RE: RE: David Berliner on "A Nation at Risk": Three Decades of Lies #2  ADDENDUM #2
Posted:
May 5, 2013 12:57 PM


I must admit, I have missed a lot of this thread and others. But I always read Phil's postings  mainly because I've known him to be a concerned, experienced, topnotch educator.
Most of you don't know me so a quick bio: taught for 15 years in community colleges and 29 years at University of Cincinnati. I retired last week.
I also founded the AMATYC Traveling Technology Workshop program.
I mention this last bit because I have to make it clear that I am protechnology.
However, from where I have sat for the last 29 years, the abuse of technology has contributed to students becoming button pushers first and thinkers last. And now, we are on our second generation of button pushers. I recently taught courses in geometry to college juniors  all middle school prospective teachers. The future looks dim.
In Ohio, middle school majors have to have two subject matter majors. Most of my students, to my amazement, had Social Science and Mathematics as their listed majors. When I inquired, many said that it was because, although they hated math, they new there were more job openings for math teachers than social science teachers. Wow. Good luck with that inspiration!
To me, any improvement in our educational system's preparation for future engineers, scientists, and yes mathematicians, needs to start in the Colleges of Education.
I'll get off my soap box now, sip the rest of this mint julep, and collect a retirement check. It's been a good run.
Lawrence G. Gilligan, Professor Department of Mathematical Sciences College of Arts and Sciences University of Cincinnati P. O. Box 210025 Cincinnati, OH 452210025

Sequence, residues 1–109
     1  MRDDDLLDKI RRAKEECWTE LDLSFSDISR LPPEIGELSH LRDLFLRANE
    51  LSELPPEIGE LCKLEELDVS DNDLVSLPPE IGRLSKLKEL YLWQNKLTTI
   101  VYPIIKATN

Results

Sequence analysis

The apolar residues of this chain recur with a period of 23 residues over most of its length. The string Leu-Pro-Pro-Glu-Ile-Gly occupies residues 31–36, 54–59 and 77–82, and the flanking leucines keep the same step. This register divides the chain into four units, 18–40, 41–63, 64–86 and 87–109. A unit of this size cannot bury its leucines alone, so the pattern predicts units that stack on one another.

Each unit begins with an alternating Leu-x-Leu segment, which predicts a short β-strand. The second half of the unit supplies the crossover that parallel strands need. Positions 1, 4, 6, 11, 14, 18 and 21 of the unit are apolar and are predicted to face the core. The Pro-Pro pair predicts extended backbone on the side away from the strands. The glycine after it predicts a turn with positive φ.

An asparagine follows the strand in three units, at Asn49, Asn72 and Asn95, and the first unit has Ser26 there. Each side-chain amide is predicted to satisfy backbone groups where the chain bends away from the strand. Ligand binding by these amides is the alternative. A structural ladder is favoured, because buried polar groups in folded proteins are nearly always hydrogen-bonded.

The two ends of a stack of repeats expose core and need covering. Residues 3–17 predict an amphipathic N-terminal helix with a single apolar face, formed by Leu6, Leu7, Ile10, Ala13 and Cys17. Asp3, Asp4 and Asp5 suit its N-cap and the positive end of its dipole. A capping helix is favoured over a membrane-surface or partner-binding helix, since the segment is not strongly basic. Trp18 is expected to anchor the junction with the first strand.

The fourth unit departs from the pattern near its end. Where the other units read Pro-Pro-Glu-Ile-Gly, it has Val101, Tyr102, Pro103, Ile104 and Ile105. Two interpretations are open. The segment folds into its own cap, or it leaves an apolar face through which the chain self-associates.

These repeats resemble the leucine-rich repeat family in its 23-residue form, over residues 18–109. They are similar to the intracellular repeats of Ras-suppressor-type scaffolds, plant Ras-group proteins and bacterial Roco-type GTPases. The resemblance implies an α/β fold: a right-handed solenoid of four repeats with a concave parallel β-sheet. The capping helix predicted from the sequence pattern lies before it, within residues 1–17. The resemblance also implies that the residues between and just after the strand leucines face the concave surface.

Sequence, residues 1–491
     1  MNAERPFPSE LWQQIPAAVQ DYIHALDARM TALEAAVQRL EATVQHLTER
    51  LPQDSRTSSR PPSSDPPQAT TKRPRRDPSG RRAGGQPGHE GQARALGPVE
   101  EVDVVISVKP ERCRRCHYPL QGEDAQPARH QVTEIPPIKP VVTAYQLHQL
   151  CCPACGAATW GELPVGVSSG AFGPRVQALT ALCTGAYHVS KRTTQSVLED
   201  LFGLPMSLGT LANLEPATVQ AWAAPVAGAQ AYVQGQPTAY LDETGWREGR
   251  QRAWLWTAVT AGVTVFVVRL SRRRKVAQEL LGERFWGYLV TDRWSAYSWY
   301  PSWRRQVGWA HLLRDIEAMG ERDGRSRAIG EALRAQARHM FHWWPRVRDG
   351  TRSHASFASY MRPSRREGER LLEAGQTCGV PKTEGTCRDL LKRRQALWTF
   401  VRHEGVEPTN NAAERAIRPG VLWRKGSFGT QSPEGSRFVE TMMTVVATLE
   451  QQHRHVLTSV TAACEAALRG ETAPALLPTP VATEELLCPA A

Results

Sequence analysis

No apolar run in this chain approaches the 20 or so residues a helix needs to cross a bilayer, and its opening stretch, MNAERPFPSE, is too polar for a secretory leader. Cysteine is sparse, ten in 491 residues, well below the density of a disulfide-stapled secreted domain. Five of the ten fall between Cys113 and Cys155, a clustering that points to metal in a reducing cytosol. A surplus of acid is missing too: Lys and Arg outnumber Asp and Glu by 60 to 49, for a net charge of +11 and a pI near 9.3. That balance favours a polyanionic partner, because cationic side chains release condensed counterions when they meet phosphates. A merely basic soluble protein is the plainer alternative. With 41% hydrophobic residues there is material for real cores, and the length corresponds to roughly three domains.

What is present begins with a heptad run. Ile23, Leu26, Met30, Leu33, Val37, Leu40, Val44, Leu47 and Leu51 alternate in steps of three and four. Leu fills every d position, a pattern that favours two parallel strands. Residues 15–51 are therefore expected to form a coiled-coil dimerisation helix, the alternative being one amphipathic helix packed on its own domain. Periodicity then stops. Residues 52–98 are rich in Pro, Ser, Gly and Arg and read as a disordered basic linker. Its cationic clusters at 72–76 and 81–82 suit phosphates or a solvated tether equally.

(513) 5564869 FAX: (513) 5563417 ________________________________________ From: ownermathedcc@mathforum.org [ownermathedcc@mathforum.org] on behalf of Phil Mahler [MAHLERP@middlesex.mass.edu] Sent: Sunday, May 05, 2013 11:51 AM To: mathedcc@mathforum.org Subject: RE: RE: David Berliner on "A Nation at Risk": Three Decades of Lies #2  ADDENDUM #2
I agree it's good to question facts. Over tim air share :) ) I've concluded that we prove what we believe, not believe what we prove. (this is not meant to describe the responder, I refer to myself and everyone. It's sometimes said of scientists, too, though please, I am a great respecter of science.) So... let me proceed to prove what I believe. :)
Concerning the relook (below) at my citation that only 20% of 1932 12th graders could compute 2.1% of 60...
It is a good point to consider that the high school curriculum was dramatically different for many students then, and I had not considered that. Nevertheless it seems to me that for those taking the vocational or general ed track in the 12th grade, computing 2.1% of 60 was an expected skill to have. Perhaps more so, since their math was centered on arithmetic, not algebra. Also, a much (I use that word without backup knowledge) smaller percentage of people went to high school then. Those in the 12th grade were a select group who persisted when others did not. Further, the college bound student in 1932 had not been using calculators for the last 5 or more years, which is part of my argument about why students can't do decimals and fractions. (I have to admit that is evidence for the original statement that something drastic has happened... But if that's all it is, I'm fine with that.)